So is there a known issue with premature 4800R ethernet port failures? I came home after being gone for a few days to have my Roku Ultra 4800R telling me it can't connect via wired connection. No network activity on the RJ45 jack, and the connection is verified good, swapped switch ports and cables just to be 100% sure, but this is obviously a failure of the Roku. The unit is all of 8 months old. Wireless works fine. The Roku box otherwise works fine.
Even better..it appears Roku requires a return of the unit before they ship a replacement? Am I correct there?
if you have a multimeter, check the voltage on your power adapter. In recent years I’ve had a few adapters for various devices be as much as +-4v from their rated output. Also, make sure you didn’t use the wrong adapter. Just because the jack fits, doesn’t mean it’s the proper volts.
The rest of the box works, 100% fine, using wireless rather than a wired connection. Hasn't moved, power adapter is the one it came with. But, just the same, verified and confirmed.
Its simply the ethernet port. If it was a power adapter issue, I'd likely see other symptoms.
My question again, referring to comment from @AvsGunnar , is there a known issue with premature network interface failures on the 4800s? From his comment, I sense that might be the case.
There were many postings early on with the release of the 4800 which seemed to indicate problems with the ethernet port on the device.
Hard to tell if a device issue or a network setup though since different setups and scenarios. Most did find that a replacement device solved their issue so can certainly speculate it is a device issue.
However, these Roku devices seem to run into problems when used with network switches at times. I would first try disabling the 4800 power saving feature. (Settings/System/Power/Auto Power Savings/20 min inactivity) and then restart all your equipment (devices, network, etc) and see if that helps.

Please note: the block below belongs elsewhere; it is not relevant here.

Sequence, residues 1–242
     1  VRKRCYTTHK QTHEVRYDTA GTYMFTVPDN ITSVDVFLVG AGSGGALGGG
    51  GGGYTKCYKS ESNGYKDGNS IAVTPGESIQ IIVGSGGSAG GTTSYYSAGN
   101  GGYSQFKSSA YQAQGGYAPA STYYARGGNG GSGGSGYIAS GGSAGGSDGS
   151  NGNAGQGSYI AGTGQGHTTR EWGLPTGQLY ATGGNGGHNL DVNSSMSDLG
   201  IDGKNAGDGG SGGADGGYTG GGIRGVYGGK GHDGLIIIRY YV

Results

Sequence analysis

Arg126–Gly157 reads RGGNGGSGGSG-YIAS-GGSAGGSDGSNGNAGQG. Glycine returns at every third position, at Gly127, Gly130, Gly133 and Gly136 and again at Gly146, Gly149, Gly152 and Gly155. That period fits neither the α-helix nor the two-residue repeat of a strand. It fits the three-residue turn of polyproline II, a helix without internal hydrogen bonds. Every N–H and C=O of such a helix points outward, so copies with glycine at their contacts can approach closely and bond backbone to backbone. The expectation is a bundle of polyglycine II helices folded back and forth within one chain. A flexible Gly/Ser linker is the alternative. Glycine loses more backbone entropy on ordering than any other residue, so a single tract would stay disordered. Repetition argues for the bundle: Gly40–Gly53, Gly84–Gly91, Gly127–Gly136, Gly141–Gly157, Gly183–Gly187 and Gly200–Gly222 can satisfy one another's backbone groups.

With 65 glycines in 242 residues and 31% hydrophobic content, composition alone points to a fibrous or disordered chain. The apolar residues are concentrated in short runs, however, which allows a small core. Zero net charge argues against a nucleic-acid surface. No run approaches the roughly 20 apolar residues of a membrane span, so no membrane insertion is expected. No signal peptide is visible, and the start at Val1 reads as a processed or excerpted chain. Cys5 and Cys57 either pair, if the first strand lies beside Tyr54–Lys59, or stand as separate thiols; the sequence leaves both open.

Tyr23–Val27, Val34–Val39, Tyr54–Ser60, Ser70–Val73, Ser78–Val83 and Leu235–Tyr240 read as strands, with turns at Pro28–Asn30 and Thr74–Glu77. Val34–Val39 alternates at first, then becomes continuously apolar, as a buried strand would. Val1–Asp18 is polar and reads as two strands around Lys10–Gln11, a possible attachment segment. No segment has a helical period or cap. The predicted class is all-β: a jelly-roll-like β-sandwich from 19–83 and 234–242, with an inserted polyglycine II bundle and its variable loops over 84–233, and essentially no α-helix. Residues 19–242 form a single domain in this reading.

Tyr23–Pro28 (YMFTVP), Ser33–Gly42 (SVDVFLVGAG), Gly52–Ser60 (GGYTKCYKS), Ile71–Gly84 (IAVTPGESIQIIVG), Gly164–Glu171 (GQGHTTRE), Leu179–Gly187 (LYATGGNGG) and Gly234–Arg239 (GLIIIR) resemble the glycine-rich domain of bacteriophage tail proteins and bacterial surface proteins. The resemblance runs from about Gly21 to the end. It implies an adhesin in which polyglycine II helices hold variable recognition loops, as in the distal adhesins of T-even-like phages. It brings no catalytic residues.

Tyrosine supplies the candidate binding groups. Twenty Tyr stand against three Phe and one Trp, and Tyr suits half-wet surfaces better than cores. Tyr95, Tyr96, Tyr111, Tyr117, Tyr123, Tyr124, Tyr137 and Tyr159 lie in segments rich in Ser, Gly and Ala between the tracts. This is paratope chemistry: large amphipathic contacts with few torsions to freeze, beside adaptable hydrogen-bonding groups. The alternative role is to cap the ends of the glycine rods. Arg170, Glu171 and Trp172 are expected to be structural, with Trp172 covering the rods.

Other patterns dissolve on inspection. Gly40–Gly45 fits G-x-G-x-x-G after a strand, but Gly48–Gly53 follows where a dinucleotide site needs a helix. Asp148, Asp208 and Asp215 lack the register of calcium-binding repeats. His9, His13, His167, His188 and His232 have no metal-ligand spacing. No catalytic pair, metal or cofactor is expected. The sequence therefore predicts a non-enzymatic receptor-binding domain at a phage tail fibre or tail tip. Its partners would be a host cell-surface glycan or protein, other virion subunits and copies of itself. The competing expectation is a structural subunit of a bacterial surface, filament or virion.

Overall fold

There are of course some ethernet port testers that will tell you instantly if the port has failed. On the 4800, I am thinking you should also be able to use an USB ethernet adapter at the device and regain ethernet activity again. If so, then likely indicator that port has failed and not a network issue. (I am not positive about the USB ethernet capability, but has same same chipset which gives other Roku 4k/4k+ devices this capability so should hold true.)
Didn't think about trying the usb interface, but its worth a test.
I power cycled everything originally, hoping that might be the case, but no go. Its router->switch->roku, and been working fine, so all fingers do point to the Roku.
If they won't send a replacement prior to returning an under-warranty unit, I'll likely just use the wireless connection and be done with it. The cabled connection was there as part of my entertainment setup, so a nice convenience, not a necessity.
Just to clarify, won't be able to use the USB 2.0/3.0 port on the Roku device for the ethernet adapter. Need to use a USB ethernet adapter with the proper adapter at the power port. Basically supplies both power and ethernet capability simulataneously.
Only other thing I can suggest would be to eliminate the switch for troubleshooting. Run directly from router to the device. I currently have an unmanaged switch with my 4660 and works fine, but ran into issues when using managed switches. (at times would be a bugger to regain connection. I would have to establish a wireless connection first, restart the device, and then sometimes it would automatically discover the wired connection. Other times, took a few different restarts or switching to an alternative network before it would again detect the desired wired connection.)
Generally, I do believe that you must first ship back the device before they will provide you a replacement.